Bacterial microcompartments (BMCs) are proteinaceous organelles widespread among bacterial phyla and provide a means for compartmentalizing specific metabolic pathways. They sequester catalytic enzymes from the cytoplasm, using an icosahedral proteinaceous shell with selective permeability to metabolic molecules and substrates, to enhance metabolic efficiency. Carboxysomes were the first BMCs discovered and their unprecedented capacity of CO2 fixation allows cyanobacteria to make a significant contribution to global carbon fixation. There is an increasing interest in utilizing synthetic biology to construct synthetic carboxysomes in new hosts, i.e., higher plants, to enhance carbon fixation and productivity. Here, we report the construction of a synthetic operon of the β-carboxysome from the cyanobacterium Synechococcus elongatus PCC7942 to generate functional β-carboxysome-like structures in Escherichia coli. The protein expression, structure, assembly, and activity of synthetic β-carboxysomes were characterized in depth using confocal, electron and atomic force microscopy, proteomics, immunoblot analysis, and enzymatic assays. Furthermore, we examined the in vivo interchangeability of β-carboxysome building blocks with other BMC components. To our knowledge, this is the first production of functional β-carboxysome-like structures in heterologous organisms. It provides important information for the engineering of fully functional carboxysomes and CO2-fixing modules in higher plants. The study strengthens our synthetic biology toolbox for generating BMC-based organelles with tunable activities and new scaffolding biomaterials for metabolic improvement and molecule delivery.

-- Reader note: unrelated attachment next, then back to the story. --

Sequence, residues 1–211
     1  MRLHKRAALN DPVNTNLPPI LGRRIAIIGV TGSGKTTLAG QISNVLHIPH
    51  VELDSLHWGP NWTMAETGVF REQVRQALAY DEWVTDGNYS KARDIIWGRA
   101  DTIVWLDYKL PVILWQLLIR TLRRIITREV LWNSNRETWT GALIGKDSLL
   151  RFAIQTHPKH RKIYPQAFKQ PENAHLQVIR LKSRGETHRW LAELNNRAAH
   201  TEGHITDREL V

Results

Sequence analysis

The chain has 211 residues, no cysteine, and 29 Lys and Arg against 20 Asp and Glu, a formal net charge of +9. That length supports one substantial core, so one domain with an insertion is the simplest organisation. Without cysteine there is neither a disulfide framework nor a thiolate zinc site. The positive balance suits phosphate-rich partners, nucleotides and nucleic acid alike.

Keywords: Rubisco; bacterial microcompartment; carbon fixation; carboxysome; cyanobacteria; encapsulation; self-assembly; synthetic engineering.